Update on the Federal 90-Day Waiver of Penalties and Interest on Tax Payments

Back on March 17, 2020 Treasury Secretary Mnuchin announced a 90-day grace period on the payment of individual and corporate Federal taxes, normally due April 15th. Individuals and corporations have until July 15th without being assessed penalties and interest. Individuals can defer payment on up to $1 million in owed tax and corporations up to $10 million in owed tax.

Please note that the your tax return or extension still needs to be filed by April 15th, only the payment and any penalties have been deferred until July 15th.

This relief also includes estimated tax payments for tax year 2020 that are due on April 15, 2020. What is not currently clear is whether relief would also apply to the required June 15th estimated tax payments for individuals.

We do anticipate additional guidance from the IRS as this progresses and will keep you informed.

To summarize:

  • The 90-day extension only applies to paying taxes. As of now,    taxpayers still must file their federal returns by April 15, 2020
  • Individuals (including in their capacity as partners in a partnership or shareholders of an S corporation) can defer paying up to $1 million in taxes; corporate taxpayers can defer paying up to $10 million
  • Taxpayers can obtain a six-month extension (until October 15, 2020) to file their federal income taxes by submitting Form 4868 to the IRS by April 15, 2020. However, taxpayers requesting an extension generally must estimate and pay at least 90 percent of their 2019 taxes by April 15, 2020, or face interest charges and penalties. It is not clear whether the extension to pay announced by Secretary Mnuchin will apply to taxpayers who file an extension rather than a complete return by April 15
  • Tax refunds are not affected by this action. Taxpayers who expect to receive refunds are encouraged to file timely returns, which will be processed and refunds issued under the IRS’s usual procedures
  • The AICPA are hoping for additional guidance from the Treasury concerning the 90-day extension to pay. It is not clear at this point how the 90-day extension on paying taxes fits with taxpayers needing in-person assistance with filing their taxes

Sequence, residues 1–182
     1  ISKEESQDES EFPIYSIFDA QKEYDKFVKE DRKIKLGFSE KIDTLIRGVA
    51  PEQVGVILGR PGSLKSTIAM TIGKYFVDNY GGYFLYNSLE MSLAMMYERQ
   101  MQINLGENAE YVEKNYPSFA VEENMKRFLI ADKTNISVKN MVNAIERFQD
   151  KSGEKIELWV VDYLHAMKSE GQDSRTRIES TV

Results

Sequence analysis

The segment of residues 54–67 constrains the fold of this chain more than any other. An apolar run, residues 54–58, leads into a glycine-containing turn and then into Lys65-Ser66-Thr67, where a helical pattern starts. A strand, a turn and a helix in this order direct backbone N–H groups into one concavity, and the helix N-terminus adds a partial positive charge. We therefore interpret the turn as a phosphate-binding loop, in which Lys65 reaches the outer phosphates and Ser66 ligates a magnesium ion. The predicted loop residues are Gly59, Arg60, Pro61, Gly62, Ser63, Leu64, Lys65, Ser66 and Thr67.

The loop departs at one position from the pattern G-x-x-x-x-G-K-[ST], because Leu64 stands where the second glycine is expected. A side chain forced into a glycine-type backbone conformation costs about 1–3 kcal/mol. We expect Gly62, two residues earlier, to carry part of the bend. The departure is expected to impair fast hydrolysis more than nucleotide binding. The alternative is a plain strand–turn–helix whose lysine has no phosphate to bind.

• We await further updates or additional guidance from the IRS as this progresses.

Impact on Massachusetts State Tax

For Massachusetts State tax, the DOR has stated they will follow the actions of the Federal Government with regards to tax deferral. While we have not seen a formal announcement as of yet, we will continue to update you once we receive any new information.

Families First Coronavirus Response Act (H.R. 6201)

Yesterday, the Families First Coronavirus Act (H.R. 6201) was signed into law by the President as an additional method of relief for American’s affected by the COVID-119 crisis. The bill as passed increases funding for testing and extends paid sick leave to employees all over the country affected by the pandemic.

Here are the key points of the new law which applies only to employers with fewer than 500 employees:

  • Employer must provide paid sick leave to employees who are forced to stay home due to quarantining or to care care for a family member (“qualified paid sick leave”)
  • Employer must provide paid sick leave to employees who need to care for a child if the school or place of care is closed (“qualified family leave”)

The bill compensates employers and the self-employed for this paid leave in the form of a tax credit. In the case of sick wages paid by an employer to an employee, the employer receives a refundable credit against its share of either the OASDI and the RRTA portion (as applicable) of the payroll tax. The credit can be claimed on a quarterly basis, equal to 100 percent of the amount of sick leave wages paid under the new law. The amount of the credit is limited to $200 per day. However, the credit is increased to $511 per day if the employee is on leave because he or she:

  • is subject to a federal, state or local quarantine or isolation order related to COVID-19
  • has been advised by a health care provider to self-quarantine due to concerns related to COVID-19
  • or is experiencing symptoms of COVID-19 and seeking a medical diagnosis

The amount of total hours of paid sick leave is limited by the new law and the payroll tax credit is limited to 10 days of wages.

For family leave wages paid by an employer and the self-employed, a separate refundable payroll tax credit applies, with different limitations. The 100 percent credit against the employer’s share of the payroll tax is limited to $200 per day, up to an aggregate of $10,000.

We will continue to keep you updated as we receive new information.

Contact us directly at info@newburg.com  should you have any further questions.